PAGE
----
In chronic pancreatitis, there is a reduced secretion of pancreatic enzymes leading to malabsorption. In severe cases, tissue necrosis can occur. It is suggested that for patients with pancreatitis, a high carbohydrate, low-fat, low protein diet may be helpful (11).
Biliary Tract Diseases
Common diseases of the biliary tract are:
- Cholelithiasis (gallstones, without infection).
- Choledocholithiasis (gallstone in the bile duct causing obstruction, pain and cramps).
- Cholecystitis (inflammation of gallbladder caused by bile duct obstruction).
Obesity or severe fasting may increase risk for these disorders. Since lipids stimulate gallbladder contractions, a low fat diet with 25% to 30% of total calories as fat is recommended. Greater fat limitation is undesirable as some fat is required for stimulation and drainage of the biliary tract. Supplementation with fat-soluble vitamins may be needed for persons with fat malabsorption or a chronic gall bladder condition (12).
WIC nutritionists can provide counseling to support the medical nutrition therapy given by clinical dietitians, and monitor compliance with therapeutic dietary regimens. They can also review and provide WIC-approved medical foods or formulas prescribed by the health care providers. In certain circumstances, WIC staff may recommend an appropriate medical food or formula to the health care provider. They should also make referrals to an appropriate health care provider for medical nutrition therapy by a clinical dietitian when indicated.
1. Institute of Medicine. WIC nutrition risk criteria: a scientific assessment. National Academy Press, Washington, D.C.; 1996.
2. American Dietetic Association, Pediatric Nutrition Practice Group. Pediatric manual of clinical dietetics. Chicago: Pediatric Nutrition Dietetic Practice Group, American Dietetic Association, 1998.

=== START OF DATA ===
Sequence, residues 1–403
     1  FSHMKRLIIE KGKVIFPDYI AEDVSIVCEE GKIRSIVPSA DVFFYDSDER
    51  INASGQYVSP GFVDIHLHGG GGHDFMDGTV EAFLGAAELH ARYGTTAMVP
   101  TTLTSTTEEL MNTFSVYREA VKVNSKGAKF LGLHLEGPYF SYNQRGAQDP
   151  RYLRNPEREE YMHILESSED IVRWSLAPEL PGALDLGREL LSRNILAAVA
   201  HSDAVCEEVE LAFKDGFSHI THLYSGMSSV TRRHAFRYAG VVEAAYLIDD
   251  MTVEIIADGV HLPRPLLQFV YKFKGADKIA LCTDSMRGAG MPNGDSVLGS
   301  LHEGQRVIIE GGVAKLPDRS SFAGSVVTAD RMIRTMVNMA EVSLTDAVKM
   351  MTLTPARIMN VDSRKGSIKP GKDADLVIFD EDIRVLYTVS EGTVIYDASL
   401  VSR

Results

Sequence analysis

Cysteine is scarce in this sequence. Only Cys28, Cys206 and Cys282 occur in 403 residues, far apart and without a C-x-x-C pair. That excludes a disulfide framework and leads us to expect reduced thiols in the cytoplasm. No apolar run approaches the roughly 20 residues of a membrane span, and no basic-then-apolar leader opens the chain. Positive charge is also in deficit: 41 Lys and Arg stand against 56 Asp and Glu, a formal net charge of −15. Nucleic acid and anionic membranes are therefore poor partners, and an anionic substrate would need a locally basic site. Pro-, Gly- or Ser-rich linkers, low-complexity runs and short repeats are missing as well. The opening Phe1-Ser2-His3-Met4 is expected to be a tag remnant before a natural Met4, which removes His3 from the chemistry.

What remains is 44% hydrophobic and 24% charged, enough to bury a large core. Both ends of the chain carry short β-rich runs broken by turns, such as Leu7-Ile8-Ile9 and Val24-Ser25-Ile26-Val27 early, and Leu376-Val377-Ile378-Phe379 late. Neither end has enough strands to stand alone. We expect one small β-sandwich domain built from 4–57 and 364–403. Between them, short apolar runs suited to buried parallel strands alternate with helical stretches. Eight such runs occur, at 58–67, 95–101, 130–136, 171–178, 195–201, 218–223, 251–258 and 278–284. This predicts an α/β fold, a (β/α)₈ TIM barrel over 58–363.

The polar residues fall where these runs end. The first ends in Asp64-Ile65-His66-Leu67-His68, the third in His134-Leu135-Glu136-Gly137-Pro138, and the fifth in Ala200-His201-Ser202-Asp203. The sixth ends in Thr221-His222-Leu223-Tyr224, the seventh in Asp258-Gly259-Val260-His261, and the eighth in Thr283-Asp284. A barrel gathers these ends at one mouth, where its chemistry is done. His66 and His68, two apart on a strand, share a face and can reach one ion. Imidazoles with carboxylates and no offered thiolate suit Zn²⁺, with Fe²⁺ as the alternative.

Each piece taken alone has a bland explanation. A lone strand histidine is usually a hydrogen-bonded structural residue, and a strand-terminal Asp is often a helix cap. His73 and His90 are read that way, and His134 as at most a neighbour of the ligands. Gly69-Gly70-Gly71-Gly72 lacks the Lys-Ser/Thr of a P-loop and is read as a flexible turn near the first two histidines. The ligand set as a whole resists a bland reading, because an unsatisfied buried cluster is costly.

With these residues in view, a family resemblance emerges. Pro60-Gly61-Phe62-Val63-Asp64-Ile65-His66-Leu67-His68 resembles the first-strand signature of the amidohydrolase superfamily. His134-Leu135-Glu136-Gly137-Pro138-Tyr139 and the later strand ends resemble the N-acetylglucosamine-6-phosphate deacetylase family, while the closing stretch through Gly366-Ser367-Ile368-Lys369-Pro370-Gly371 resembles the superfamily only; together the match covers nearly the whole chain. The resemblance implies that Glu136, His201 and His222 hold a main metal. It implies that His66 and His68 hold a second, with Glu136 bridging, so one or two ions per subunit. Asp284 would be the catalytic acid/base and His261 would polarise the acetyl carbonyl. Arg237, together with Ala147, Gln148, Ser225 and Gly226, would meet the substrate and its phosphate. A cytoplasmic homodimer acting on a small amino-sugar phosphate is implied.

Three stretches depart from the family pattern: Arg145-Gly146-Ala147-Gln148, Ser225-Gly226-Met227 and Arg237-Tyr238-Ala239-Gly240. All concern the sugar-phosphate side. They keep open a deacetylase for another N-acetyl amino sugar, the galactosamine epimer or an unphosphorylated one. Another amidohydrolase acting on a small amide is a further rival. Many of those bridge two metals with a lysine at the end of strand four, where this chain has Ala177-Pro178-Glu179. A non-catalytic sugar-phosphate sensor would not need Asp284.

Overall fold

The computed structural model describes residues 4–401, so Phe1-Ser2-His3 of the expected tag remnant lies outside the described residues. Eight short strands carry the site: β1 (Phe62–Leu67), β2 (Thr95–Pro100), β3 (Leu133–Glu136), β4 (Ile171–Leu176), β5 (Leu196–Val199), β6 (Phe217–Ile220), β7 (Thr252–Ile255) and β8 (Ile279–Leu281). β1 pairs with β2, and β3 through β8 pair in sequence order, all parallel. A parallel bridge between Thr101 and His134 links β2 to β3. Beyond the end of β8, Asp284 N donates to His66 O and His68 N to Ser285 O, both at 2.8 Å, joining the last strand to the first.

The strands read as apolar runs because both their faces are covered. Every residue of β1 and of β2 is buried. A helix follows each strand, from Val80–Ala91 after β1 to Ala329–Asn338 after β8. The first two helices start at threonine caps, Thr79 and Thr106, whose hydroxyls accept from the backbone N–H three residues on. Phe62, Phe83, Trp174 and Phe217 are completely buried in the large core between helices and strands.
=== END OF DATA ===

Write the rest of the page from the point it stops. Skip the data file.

3. Stenson W. The esophagus and stomach. In: Maurice ES, Olson JA, Shike M, Ross AC, editors. Modern nutrition in health and disease. 9th Ed. Lippincott Williams & Wilkins 1999. p. 1125- 1133.
4. Beyer PL. Medical nutrition therapy for upper gastrointestinal tract disorders. In: Mahan LK, Escott-Stump S, editors. Krause’s food nutrition and diet therapy. 11th Ed. Philadelphia: Saunders; 2004. p. 688-690.
5. American Dietetic Association. Nutrition Care Manual. Gastrointestinal disease; Peptic ulcers; 2006. http://www.nutritioncaremanual.org. Accessed 1/08.
6. Allied Health Sciences Section Ad Hoc Nutrition committee: Aills L, Blankenship J, Buffington C, Furtado M and Parrott J. Bariatric nutrition: suggestions for the surgical weight loss patient. Review. Surgery for Obesity and Related Diseases 2008 May 17.
7. Scolapio JS, Fleming R. Short Bowel Syndrome. In: Maurice ES, Olson JA, Shike M, Ross AC, editors. Modern nutrition in health and disease. 9th Ed. Lippincott Williams & Wilkins; 1999. p. 1135-1140.
8. Farrell M. Gastrointestinal disorders of infancy and childhood (with nutrition support and probiotics) In: Ekvall SW, Ekvall VK. editors. Pediatric nutrition in chronic diseases and developmental disorders. 2nd ed. Oxford University Press; 2005. p. 248-249.
9. Griffiths A. Inflammatory bowel disease. In: Maurice ES, Olson JA, Shike M, Ross AC, editors. Modern nutrition in health and disease. 9th Ed. Lippincott Williams & Wilkins; 1999. p. 1141- 1149.
10. Lieber CS. Nutrition in liver disorders. In: Maurice ES, Olson JA, Shike M, Ross AC, editors. Modern nutrition in health and disease. 9th Ed. Lippincott Williams & Wilkins; 1999. p. 1177- 1189.
11. Raimondo M, Dimagno EP. Nutrition in pancreatic disorders. In: Maurice ES, Olson JA, Shike M, Ross AC, editors. Modern nutrition in health and disease. 9th Ed. Lippincott Williams & Wilkins; 1999. p. 1169-1176.
12. Hasse JM, Matarese JE. Medical nutrition therapy for liver, biliary system and exocrine pancreas disorders. In: Mahan LK, Escott-Stump S, editors. Krause’s food nutrition and diet therapy. 11th Ed. Philadelphia: Saunders; 2004. p. 758-760.
Self-reporting of a diagnosis by a medical professional should not be confused with self-diagnosis, where a person simply claims to have or to have had a medical condition without any reference to professional diagnosis. A self-reported medical diagnosis (“My doctor says that I have/my son or daughter has…”) should prompt the CPA to validate the presence of the condition by asking more pointed questions related to that diagnosis.